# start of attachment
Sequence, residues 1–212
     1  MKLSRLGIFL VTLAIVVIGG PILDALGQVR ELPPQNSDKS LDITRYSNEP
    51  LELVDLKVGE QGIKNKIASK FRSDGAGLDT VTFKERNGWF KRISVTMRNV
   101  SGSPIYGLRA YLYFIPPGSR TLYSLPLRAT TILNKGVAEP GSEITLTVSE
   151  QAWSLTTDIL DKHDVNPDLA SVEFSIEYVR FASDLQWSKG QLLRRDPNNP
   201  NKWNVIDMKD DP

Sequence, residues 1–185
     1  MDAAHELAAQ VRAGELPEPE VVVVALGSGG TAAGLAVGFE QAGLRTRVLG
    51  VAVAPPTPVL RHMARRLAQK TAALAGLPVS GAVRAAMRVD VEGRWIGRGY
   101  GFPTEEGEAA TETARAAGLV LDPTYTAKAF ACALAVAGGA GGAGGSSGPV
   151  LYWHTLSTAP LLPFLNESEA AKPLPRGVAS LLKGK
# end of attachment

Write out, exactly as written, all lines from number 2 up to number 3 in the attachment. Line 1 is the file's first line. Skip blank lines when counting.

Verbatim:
     1  MKLSRLGIFL VTLAIVVIGG PILDALGQVR ELPPQNSDKS LDITRYSNEP
    51  LELVDLKVGE QGIKNKIASK FRSDGAGLDT VTFKERNGWF KRISVTMRNV